Desperate families endured an excruciating wait and search teams scoured the air and water on Saturday, but there was no official word on the fate of a Malaysia Airlines jet that vanished with 239 people on board.
More than 18 hours after the jet took off from Kuala Lumpur on its way to Beijing and disappeared over the South China Sea, the airline still had not confirmed a crash. In the water off Vietnam, the Vietnamese air force reportedly spotted two oil slicks consistent with fuel from a crashed jet.
The airline said it never received a distress call from the plane, Malaysia Airlines Flight 370. Three Americans were on board, one of them an infant. The plane was a Boeing 777-200, considered to be among the safest models in the air.
Planes, boats and helicopters were reportedly dispatched from at least six countries, including the United States, which diverted a Navy destroyer from international waters toward the southern coast of Vietnam.
Malaysia Airlines called off its air search late Saturday night local time but said that it would keep searching from boats, and that the planes would start looking again at daybreak.
Malaysian navy vessels reached the spot where the plane last made contact with air traffic control — the waters between Malaysia and Vietnam — but found nothing.
The plane was carrying 153 Chinese passengers, including an infant.
In Beijing, anguished families waiting for loved ones were taken from the airport to a hotel, where they were put in a room and told to wait for information. By early Saturday morning Eastern time, none was forthcoming. Some stormed out, enraged.
“They’re just shut us in this room and told us to wait,” one man told Reuters. “We want someone to show their face. They haven’t even given us the passenger list.”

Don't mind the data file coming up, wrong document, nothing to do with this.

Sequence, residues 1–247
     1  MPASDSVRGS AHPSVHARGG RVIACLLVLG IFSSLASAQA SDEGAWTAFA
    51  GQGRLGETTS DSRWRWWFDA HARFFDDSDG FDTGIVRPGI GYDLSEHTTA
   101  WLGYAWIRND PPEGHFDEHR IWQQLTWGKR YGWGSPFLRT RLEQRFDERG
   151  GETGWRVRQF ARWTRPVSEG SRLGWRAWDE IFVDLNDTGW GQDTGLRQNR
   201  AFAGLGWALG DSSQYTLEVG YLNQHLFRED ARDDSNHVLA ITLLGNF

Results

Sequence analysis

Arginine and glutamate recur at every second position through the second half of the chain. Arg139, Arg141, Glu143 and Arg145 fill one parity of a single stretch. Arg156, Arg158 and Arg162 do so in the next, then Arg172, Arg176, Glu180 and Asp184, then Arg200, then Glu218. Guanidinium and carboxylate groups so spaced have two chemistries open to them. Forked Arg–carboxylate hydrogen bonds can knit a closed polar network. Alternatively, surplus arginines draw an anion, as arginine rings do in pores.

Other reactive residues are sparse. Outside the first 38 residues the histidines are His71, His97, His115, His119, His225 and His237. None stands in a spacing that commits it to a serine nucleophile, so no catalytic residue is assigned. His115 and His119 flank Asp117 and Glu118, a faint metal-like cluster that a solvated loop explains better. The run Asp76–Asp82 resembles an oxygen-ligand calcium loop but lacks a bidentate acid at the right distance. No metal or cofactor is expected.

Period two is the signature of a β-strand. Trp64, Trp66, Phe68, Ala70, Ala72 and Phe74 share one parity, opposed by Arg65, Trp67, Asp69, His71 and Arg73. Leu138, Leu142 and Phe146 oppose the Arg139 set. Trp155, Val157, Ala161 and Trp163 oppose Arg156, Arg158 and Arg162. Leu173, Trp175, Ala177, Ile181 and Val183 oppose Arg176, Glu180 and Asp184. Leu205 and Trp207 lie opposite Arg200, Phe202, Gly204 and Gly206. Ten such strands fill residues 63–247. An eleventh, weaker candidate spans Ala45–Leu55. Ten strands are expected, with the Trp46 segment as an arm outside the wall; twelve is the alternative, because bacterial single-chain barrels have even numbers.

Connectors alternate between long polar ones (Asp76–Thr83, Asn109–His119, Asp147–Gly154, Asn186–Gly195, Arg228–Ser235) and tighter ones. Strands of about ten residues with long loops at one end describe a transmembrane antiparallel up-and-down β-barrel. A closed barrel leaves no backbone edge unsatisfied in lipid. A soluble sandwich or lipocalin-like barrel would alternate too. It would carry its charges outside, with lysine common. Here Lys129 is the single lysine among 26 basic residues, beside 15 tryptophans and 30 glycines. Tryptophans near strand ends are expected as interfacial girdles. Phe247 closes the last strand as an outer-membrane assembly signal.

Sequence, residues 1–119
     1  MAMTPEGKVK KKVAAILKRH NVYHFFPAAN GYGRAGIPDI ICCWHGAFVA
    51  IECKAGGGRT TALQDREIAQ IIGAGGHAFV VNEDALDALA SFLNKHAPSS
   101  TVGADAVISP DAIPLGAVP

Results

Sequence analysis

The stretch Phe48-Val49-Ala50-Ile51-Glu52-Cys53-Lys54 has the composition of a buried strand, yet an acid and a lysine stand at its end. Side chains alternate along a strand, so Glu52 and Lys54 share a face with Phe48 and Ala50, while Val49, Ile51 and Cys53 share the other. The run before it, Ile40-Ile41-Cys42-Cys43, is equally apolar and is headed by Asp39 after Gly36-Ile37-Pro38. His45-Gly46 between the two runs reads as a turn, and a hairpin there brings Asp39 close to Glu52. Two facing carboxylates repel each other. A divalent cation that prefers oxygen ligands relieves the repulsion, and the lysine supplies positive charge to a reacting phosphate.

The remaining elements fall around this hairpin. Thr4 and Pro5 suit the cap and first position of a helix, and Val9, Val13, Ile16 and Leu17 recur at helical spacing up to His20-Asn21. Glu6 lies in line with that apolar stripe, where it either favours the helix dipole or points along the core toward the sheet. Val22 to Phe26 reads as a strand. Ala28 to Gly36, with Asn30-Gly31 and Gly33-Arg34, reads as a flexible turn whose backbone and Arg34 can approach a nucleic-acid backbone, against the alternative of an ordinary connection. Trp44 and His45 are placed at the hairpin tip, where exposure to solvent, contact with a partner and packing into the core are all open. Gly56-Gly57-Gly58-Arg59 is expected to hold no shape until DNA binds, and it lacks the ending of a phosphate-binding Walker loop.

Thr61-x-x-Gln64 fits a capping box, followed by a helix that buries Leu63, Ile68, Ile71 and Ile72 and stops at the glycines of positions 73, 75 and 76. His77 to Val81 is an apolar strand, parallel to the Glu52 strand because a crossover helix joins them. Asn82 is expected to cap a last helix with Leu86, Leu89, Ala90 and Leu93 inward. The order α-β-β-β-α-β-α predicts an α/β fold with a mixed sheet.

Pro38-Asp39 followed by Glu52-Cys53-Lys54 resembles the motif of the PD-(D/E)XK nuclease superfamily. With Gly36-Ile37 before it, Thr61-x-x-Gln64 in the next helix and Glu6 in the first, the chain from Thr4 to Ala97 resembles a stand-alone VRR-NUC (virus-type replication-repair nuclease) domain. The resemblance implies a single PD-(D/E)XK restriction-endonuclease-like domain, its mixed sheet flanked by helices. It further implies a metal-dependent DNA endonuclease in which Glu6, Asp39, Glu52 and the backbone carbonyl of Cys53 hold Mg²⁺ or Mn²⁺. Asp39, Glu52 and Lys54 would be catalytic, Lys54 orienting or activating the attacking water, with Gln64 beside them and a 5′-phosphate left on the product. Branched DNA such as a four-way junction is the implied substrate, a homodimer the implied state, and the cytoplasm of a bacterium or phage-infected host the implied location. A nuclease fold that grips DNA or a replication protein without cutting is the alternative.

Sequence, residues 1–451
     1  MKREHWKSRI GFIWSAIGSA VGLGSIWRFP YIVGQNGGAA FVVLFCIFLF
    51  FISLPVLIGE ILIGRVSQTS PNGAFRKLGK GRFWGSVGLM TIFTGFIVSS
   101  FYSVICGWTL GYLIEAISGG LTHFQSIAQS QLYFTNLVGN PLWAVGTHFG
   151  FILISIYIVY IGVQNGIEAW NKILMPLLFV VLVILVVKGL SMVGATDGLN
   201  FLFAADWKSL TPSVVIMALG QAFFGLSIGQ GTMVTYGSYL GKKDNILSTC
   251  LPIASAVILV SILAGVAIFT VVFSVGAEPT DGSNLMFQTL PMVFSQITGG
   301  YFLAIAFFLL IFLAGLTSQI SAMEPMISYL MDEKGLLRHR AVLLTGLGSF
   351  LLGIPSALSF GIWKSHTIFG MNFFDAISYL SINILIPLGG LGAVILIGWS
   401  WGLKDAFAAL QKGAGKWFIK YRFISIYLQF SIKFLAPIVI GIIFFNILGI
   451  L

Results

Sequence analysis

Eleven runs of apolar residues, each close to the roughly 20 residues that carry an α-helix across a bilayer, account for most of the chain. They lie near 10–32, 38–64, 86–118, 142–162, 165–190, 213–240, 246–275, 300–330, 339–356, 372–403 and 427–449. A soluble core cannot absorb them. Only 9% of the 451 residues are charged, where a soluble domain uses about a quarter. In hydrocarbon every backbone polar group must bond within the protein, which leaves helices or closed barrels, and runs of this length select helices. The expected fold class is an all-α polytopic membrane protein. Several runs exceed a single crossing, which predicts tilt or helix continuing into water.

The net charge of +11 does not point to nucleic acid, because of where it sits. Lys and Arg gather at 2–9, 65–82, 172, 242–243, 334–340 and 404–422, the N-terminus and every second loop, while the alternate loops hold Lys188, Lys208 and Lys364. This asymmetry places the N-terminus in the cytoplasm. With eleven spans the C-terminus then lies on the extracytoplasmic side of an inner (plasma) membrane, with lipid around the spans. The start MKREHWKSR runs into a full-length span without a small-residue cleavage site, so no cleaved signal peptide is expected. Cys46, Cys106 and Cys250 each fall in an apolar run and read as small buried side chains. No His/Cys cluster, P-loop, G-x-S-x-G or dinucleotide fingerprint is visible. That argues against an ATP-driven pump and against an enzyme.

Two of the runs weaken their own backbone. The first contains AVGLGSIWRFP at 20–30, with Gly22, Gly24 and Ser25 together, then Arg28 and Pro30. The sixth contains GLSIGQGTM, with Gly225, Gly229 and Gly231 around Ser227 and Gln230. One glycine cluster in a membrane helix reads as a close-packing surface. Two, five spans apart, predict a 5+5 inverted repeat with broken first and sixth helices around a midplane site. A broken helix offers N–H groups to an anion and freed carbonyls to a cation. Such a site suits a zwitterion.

Another relative pushed past a horde of reporters and said: “They’re treating us worse than dogs.”
In almost 20 years of service for the Boeing 777-200, the only known deaths are three people killed last July when an Asiana Airlines jet clipped a seawall on approach in San Francisco.
Deepening the mystery, meteorologists said the skies along the route of the Malaysia Airlines plane were mostly clear.
The plane, which had the registration number 9M-MRO, had been in service more than 11 years, according to Reuters. It was involved in a “ground collision” with a Chinese jet on Aug. 9, 2012, according to a French government agency.
The airline identified the pilot of Saturday’s flight as Zaharie Ahmad Shah, 53, a 32-year veteran of the airline with more than 18,000 hours of flight time. The first officer, Fariq Hamid, 27, joined the airline seven years ago and had more than 2,700 hours.
Flight 370 was a red-eye, with 227 passengers and 12 crew on board. It took off at 11:41 a.m. ET on Friday, or 12:41 a.m. Saturday local time, and was scheduled to land about six hours later in Beijing.
About two hours after takeoff, air traffic control in the Kuala Lumpur suburb of Subang lost contact with the plane. About five hours after that, at 6:24 p.m. ET Friday, Malaysia Airlines announced that it had lost contact with the jet.
By early Saturday Eastern time, it was long past the point when the plane would have run out of fuel.
The Chinese premier called the prime minister of Malaysia and urged him to push search-and-rescue teams to work quickly, and Chinese state media questioned why the airline took so long to say something.
While flight data recorders and cockpit voice recorders, the so-called black boxes, can emit signals from underwater, it can be extremely difficult to find planes that disappear over the sea.
When Air France Flight 447 went down in the Atlantic Ocean in June 2009, with 228 people on board on the way from Rio de Janeiro to Paris, bodies and some parts of the plane were found within two weeks, but it took two years to find the main wreckage.
The last fatal crash for Malaysia Airlines was in 1995, when 34 people were killed near the city of Tawau. In 1977, a domestic Malaysia Airlines flight was hijacked and crashed, killing 100 people.
Reuters and The Associated Press contributed to this report.